The humpback whale’s talent for singing — discovered by Roger Searle Payne in 1967, as noted by narrator Ewan McGregor in “Humpback Whales” — might well have done more to save the species than all the environmental activism since. Recorded as a hit LP in 1970, the songs transformed the beast from a source of lamp oil and bustle stays (or their 20th-century equivalent) into a ubiquitous bumper sticker slogan and a thriving tourist industry. Watching the lumpy leviathans breaching, feeding, fighting, playing, and (almost) mating on the whale-size IMAX screen can only advance the cause of their preservation — and further promote them as a lucrative recreational and entertainment resource.
When it comes to hard data, however, Greg MacGillivray’s documentary has limitations, in part because in five decades much is still unknown about the creatures, including why they sing (it’s done only by males, so maybe it’s kind of a guy thing, the whale equivalent of fantasy football). And given their size (55 feet long, weighing in at 50 tons), it’s hard to believe they’ve never been caught in flagrante delicto. Somewhere in the deep there must be a very big no-tell motel.
Otherwise, “Humpback Whales” offers stunning shots that are both intimate and immense. A mother and her calf cavort — with the requisite anthropomorphic voice-over, including the rhetorical question: “What’s it like being a baby humpback whale in a vast blue ocean where the only landmark is a mountain of mother?” Not unlike the human condition, I’d wager.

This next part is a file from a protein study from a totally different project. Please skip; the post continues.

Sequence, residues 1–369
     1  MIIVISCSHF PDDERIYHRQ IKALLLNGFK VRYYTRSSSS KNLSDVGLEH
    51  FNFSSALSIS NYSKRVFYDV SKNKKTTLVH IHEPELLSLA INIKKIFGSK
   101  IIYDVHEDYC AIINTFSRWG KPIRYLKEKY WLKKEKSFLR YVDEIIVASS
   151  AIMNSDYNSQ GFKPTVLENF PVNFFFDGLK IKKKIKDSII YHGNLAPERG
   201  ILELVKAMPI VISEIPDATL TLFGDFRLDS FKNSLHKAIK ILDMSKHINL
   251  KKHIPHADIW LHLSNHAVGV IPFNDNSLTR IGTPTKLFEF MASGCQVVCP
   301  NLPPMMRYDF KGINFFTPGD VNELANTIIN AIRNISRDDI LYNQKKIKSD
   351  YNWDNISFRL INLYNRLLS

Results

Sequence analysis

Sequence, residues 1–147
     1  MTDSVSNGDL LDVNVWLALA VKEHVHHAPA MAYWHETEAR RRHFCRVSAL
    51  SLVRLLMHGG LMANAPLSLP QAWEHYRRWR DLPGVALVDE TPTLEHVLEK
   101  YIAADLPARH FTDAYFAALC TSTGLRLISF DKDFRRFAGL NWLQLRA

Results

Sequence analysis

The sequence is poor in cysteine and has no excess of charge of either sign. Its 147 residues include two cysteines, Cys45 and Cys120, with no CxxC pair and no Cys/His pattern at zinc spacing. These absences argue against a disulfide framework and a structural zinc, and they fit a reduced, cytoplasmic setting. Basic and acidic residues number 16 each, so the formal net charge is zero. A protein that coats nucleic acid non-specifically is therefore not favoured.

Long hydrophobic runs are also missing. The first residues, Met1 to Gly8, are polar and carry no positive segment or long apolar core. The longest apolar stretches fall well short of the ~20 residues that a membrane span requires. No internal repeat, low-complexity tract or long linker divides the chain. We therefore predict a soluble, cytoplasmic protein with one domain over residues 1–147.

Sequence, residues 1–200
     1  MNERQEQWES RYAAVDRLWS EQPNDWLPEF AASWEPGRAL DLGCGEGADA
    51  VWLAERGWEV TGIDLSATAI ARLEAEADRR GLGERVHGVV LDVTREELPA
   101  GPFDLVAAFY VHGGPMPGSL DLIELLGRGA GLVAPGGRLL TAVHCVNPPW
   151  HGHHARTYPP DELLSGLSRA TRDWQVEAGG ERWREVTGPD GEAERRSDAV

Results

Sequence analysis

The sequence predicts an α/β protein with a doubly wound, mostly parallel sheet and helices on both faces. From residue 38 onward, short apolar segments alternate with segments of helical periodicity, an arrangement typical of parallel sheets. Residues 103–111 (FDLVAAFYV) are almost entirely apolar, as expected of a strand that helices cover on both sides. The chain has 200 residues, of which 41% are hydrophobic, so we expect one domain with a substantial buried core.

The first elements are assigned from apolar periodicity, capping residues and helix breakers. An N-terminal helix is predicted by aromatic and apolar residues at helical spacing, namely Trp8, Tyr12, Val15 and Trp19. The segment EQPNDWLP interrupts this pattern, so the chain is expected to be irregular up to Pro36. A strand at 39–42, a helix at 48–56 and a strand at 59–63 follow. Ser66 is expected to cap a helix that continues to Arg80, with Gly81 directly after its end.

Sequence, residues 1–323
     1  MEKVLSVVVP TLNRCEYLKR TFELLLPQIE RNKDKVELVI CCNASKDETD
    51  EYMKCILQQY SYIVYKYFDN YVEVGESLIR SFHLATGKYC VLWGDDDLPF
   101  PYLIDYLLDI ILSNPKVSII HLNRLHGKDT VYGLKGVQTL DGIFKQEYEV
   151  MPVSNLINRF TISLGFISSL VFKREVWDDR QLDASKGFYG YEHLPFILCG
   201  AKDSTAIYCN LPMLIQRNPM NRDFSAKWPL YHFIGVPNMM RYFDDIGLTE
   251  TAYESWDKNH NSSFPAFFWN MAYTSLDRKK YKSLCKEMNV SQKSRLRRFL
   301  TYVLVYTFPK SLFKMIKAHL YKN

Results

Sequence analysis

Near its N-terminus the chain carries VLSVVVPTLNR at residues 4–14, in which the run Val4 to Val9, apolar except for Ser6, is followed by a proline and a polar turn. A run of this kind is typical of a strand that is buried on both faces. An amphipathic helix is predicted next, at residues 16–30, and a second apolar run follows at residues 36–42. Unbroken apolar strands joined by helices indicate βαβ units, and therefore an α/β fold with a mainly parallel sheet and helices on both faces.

But not all the whales are cuddly. In one sequence a dozen bus-length males pursue a single female, who, according to a scientist’s comments, “wants to get the mating over with so she can return to Alaska to feed.” In another scene of “Jaws”-like terror (enhanced by outstanding animation), a hunting party of humpbacks rustle up a school of hapless herring, herding them to the surface where they scarf them down into gullets “big enough to swallow a small car.”
The film reaches its dramatic peak when a crew of volunteers heads out to save a whale from one of the greatest threats to their survival — sea debris. A young humpback has entangled its fluke in 200 feet of buoy-line, ensuring a slow death from infection or even drowning. Like a scene from “Moby Dick,” a tiny skiff with a two-man crew races in pursuit, hooks onto the trailing line, and is off on a “Nantucket sleigh ride,” dragged by the whale until it has exhausted itself enough so that they can cut it free. Back in the day that’s when they’d let loose the harpoons; it is a satisfying irony that now the method used to slaughter the whales is one of the ways to save them.
Peter Keough can be reached at firstname.lastname@example.org.